Algeria Bans Graft Suspects From Leaving As Bouteflika Clings On
Algerian prosecutors on Monday announced fresh graft probes and a ban on corruption suspects leaving the country, as a government shake-up failed to halt calls for President Abdelaziz Bouteflika to quit.
The ailing leader, who has rarely been seen in public since a 2013 stroke, is clinging to power in the face of mammoth demonstrations sparked by attempts to prolong his 20-year rule.
The authorities did not say who was being targeted by the new investigations into corruption and illegal money transfers abroad, but they followed the arrest of the president's key backer, businessman Ali Haddad.
Haddad, who Forbes magazine describes as one of Algeria's wealthiest entrepreneurs, was detained overnight Saturday to Sunday at a border post with neighbouring Tunisia, a security source said, without giving reasons for the arrest.
On Sunday, as rumours swirled of frantic behind-the-scenes manoeuvring, the Algerian authorities also banned all private aircraft from taking off and landing until the end of the month.
The North African state has been rocked by huge protests since Bouteflika, 82, announced in February that he was seeking a fifth term in office.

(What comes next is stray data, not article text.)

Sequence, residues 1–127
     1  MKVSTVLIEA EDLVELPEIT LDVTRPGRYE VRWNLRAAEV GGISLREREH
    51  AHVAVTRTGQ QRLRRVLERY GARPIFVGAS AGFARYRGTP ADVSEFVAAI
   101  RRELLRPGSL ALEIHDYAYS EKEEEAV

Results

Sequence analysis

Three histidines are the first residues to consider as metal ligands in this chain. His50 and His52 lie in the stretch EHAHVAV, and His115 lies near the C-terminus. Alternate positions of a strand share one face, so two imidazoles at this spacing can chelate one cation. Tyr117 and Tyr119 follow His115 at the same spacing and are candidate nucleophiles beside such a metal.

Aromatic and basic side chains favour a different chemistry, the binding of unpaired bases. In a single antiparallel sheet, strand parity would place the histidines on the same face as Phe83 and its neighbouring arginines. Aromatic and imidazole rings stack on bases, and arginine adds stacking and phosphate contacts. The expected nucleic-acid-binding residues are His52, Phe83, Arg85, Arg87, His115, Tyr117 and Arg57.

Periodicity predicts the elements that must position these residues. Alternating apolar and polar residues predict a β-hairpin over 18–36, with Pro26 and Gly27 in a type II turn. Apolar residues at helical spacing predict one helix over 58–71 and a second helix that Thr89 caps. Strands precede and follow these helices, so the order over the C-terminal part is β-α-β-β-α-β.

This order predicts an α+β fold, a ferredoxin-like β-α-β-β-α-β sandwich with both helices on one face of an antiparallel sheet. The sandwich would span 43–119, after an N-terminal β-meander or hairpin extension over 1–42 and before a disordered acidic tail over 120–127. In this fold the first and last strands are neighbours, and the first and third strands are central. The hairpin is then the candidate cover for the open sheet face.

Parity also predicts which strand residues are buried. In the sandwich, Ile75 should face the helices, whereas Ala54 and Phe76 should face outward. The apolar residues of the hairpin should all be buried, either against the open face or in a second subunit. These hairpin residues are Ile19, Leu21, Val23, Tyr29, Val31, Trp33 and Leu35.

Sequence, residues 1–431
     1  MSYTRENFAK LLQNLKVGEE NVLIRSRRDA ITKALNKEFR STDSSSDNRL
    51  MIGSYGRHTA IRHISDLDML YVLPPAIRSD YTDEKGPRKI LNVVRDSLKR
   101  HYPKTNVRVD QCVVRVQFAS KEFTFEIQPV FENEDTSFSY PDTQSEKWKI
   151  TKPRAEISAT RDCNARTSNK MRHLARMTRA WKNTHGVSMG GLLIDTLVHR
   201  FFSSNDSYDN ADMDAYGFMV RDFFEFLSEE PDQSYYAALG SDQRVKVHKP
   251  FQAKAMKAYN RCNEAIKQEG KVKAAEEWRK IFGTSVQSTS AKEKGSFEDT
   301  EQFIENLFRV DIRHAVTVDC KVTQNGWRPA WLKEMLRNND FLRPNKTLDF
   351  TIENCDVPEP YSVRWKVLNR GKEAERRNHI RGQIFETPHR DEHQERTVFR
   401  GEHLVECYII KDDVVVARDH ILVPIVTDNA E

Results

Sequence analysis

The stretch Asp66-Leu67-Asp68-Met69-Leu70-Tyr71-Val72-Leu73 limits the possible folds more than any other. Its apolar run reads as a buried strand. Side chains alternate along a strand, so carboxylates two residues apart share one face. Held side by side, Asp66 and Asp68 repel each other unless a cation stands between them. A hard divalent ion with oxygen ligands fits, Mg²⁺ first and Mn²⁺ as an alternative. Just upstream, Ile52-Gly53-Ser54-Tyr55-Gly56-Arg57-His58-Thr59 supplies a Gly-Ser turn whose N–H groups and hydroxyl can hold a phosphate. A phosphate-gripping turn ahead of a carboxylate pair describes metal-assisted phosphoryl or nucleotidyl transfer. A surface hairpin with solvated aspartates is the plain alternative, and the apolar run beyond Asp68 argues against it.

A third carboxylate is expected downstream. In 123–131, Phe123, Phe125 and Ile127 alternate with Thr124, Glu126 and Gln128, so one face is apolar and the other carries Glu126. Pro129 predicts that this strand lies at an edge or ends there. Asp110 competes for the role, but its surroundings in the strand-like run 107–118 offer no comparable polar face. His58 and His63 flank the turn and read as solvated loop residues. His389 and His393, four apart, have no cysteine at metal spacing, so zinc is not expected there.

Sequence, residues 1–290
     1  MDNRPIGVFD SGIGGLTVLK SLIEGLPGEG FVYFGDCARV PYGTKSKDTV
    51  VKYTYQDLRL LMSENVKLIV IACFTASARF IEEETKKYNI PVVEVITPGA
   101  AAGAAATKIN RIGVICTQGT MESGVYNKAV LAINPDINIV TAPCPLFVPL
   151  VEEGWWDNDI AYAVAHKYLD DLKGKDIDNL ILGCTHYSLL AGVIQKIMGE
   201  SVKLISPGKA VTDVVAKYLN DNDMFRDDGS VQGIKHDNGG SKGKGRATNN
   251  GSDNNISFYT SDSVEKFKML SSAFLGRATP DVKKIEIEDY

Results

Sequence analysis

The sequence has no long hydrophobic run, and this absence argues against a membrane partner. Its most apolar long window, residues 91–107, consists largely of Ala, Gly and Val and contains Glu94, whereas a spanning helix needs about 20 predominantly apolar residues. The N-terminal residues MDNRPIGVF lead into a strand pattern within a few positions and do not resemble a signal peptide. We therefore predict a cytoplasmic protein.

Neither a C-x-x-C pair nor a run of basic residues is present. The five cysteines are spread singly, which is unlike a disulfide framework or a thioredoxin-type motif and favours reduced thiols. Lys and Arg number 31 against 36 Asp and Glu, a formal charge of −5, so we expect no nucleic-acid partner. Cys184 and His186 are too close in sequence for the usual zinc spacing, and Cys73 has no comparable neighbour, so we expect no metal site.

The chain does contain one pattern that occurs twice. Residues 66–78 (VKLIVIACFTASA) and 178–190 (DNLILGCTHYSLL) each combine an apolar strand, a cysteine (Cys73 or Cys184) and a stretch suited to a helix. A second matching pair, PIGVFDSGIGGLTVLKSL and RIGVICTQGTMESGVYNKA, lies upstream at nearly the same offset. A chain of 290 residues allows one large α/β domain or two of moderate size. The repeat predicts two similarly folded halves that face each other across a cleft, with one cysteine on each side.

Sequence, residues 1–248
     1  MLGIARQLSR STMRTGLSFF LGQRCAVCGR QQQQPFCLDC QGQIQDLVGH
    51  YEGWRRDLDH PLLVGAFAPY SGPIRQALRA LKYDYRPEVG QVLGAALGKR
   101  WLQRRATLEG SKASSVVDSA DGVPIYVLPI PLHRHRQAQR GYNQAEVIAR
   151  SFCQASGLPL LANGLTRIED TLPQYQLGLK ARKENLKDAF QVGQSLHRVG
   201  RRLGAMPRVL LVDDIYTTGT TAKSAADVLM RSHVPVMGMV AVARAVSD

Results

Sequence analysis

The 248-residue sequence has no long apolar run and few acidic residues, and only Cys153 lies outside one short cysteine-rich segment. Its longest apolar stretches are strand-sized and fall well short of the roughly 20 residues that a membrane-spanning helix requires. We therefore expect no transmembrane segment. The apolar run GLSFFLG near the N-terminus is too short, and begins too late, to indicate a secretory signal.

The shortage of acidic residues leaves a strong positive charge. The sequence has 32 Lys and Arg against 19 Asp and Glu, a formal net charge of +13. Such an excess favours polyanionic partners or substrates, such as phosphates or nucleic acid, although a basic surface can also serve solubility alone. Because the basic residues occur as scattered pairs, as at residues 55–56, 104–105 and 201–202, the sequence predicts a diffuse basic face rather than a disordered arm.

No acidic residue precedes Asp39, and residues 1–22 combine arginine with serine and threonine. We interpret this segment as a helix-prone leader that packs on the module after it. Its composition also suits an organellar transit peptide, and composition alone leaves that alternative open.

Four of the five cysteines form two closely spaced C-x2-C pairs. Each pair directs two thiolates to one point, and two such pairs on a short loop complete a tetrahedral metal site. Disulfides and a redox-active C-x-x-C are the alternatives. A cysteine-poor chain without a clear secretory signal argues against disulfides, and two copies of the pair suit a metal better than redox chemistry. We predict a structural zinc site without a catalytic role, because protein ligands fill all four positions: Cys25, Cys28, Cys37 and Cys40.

The veteran leader, whose current mandate was meant to end on April 28, said last month he was pulling out of the race but postponed scheduled elections.
The move has done little to assuage public ire and hundreds of thousands of people took to the streets of Algiers on Friday demanding the president and his entourage go.
Faced with the persistent anger, a succession of veteran Bouteflika loyalists have sought to distance themselves from the president in recent days.
Armed forces chief of staff Ahmed Gaid Salah last week called for him to step down or be declared medically unfit.
Long a faithful Bouteflika supporter, Gaid Salah said on television it was "imperative" to find a way out of the crisis "which responds to the legitimate demands" of the people in line with the constitution.
'Beginning of the End?'
On Sunday, Bouteflika unveiled a new government made up mainly of technocrats under recently appointed premier Noureddine Bedoui.
The administration -- which is supposed to steward the country towards a transition -- includes Gaid Salah remaining in his position as deputy defence minister.
The government unveiling failed to curb calls for Bouteflika to leave, as hundreds of people in Algiers demonstrated overnight against the announcement.
Media outlets were awash with speculation that the appointments could help pave the way for Bouteflika's imminent resignation.
The news website TSA described the new administration as a "result of compromise between the army command and the presidency".
The El Moudjahid daily, traditionally viewed as close to power, ran a headline reading "The Beginning of the End?" and said the army's proposal for Bouteflika to go "is the only one that offers a clear and convincing way out".
The idea of Bouteflika's inner circle retaining their grip on power through a substitute leader has drawn short shrift from protesters dealing with high unemployment and economic hardships.
Young people have made up a key part of the demonstrations in a country where half the population is under 30.